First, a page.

The significant point is that people unfit for freedom — who cannot do much with it — are hungry for power. The desire for freedom is an attribute of a “have” type of self. It says: leave me alone and I shall grow, learn, and realize my capacities. The desire for power is basically an attribute of a “have-not” type of self. If Hitler had had the talents and the temperament of a genuine artist, if Stalin had had the capacity to become a first-rate theoretician, if Napoleon had had the makings of a great poet or philosopher they would hardly have developed the all-consuming lust for absolute power.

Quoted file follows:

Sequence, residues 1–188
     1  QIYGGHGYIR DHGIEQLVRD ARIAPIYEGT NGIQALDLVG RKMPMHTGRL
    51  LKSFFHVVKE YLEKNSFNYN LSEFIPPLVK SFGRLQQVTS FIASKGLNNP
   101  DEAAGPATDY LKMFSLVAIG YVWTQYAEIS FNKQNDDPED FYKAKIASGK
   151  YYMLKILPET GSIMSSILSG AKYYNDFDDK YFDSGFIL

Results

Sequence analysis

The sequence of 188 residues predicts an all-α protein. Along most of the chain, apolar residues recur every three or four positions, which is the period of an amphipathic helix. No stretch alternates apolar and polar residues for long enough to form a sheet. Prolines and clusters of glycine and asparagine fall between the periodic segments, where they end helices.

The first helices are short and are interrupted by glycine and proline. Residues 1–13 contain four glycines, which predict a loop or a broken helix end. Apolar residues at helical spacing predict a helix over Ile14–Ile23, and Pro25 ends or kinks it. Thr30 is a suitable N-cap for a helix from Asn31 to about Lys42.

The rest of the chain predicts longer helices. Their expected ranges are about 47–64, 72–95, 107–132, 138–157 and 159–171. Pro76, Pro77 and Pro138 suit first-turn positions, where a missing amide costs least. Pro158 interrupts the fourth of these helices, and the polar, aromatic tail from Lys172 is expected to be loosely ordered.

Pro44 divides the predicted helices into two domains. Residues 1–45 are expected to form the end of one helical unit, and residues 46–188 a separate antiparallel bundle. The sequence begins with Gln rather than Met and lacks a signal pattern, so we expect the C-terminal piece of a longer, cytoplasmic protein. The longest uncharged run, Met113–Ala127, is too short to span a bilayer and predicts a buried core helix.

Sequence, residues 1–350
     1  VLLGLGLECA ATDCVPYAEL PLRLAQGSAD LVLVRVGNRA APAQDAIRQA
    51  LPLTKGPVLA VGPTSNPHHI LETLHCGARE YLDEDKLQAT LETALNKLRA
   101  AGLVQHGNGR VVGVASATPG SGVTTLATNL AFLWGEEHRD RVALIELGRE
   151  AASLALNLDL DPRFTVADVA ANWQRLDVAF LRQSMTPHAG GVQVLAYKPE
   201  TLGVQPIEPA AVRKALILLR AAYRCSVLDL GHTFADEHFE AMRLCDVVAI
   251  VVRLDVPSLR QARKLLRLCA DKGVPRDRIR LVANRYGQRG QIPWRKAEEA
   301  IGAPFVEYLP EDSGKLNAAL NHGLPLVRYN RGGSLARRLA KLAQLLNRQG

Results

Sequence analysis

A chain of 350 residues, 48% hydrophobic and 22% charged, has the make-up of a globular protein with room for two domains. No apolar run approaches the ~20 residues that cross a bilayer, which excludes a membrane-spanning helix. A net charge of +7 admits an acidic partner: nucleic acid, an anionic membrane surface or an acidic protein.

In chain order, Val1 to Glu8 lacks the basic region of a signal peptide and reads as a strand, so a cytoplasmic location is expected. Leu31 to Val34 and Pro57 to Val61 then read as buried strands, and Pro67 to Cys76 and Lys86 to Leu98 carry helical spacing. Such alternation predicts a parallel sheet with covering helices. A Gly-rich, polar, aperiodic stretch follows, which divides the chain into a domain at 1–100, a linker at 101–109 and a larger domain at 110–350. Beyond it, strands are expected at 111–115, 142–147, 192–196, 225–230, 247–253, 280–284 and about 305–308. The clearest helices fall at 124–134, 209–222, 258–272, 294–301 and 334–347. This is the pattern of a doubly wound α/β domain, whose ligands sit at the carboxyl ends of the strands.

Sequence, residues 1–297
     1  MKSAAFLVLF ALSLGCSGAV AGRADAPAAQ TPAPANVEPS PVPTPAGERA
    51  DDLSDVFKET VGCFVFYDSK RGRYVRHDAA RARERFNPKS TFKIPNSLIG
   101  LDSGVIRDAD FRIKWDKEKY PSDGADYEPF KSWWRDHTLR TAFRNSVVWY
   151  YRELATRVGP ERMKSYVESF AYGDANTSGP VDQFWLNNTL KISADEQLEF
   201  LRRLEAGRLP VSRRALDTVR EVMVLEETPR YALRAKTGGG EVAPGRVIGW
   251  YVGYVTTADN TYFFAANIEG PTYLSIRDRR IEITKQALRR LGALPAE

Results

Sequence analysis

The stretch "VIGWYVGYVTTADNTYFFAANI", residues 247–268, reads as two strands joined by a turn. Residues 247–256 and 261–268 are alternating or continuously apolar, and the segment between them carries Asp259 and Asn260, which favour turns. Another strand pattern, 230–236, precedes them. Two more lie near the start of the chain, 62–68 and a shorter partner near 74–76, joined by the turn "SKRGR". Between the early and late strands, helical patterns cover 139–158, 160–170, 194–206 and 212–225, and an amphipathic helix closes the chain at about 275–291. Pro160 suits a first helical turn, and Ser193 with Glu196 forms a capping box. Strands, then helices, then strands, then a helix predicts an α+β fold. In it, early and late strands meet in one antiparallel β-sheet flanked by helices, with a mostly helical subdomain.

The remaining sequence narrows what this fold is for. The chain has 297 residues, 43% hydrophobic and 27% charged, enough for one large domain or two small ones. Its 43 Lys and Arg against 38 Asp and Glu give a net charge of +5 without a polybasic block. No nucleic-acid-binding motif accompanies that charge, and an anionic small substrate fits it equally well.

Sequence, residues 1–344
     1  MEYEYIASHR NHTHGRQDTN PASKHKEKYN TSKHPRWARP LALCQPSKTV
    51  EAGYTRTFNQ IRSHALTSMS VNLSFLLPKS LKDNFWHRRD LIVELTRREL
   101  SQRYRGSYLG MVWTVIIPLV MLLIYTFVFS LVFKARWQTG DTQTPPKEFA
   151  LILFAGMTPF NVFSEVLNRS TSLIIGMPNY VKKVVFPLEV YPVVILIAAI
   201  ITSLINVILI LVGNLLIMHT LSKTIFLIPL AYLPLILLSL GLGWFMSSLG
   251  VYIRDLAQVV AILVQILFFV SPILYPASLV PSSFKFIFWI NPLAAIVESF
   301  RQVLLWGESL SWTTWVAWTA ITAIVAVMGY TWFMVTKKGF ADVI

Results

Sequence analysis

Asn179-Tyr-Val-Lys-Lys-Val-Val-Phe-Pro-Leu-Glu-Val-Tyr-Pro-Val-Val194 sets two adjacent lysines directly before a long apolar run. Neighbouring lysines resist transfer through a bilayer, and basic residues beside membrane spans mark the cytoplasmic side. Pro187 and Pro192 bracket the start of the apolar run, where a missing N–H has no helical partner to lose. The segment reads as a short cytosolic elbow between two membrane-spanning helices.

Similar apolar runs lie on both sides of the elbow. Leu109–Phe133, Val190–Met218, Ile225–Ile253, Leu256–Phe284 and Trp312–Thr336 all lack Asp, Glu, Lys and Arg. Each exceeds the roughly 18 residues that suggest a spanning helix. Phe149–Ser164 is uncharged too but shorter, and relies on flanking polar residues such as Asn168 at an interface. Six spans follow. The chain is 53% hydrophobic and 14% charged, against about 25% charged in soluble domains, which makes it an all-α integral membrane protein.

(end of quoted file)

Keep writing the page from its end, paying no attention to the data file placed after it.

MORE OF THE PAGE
Freedom gives us a chance to realize our human and individual uniqueness. Absolute power can also bestow uniqueness: to have absolute power is to have the power to reduce all the people around us to puppets, robots, toys, or animals, and be the only man in sight. Absolute power achieves uniqueness by dehumanizing others.

To sum up: Those who lack the capacity to achieve much in an atmosphere of freedom will clamor for power.

Eric Hoffer (1902-1983) American writer, philosopher, longshoreman
Working and Thinking on the Waterfront, Journal entry (28 March 1959)(1969)
Added on 21-Dec-10 | Last updated 21-Dec-10
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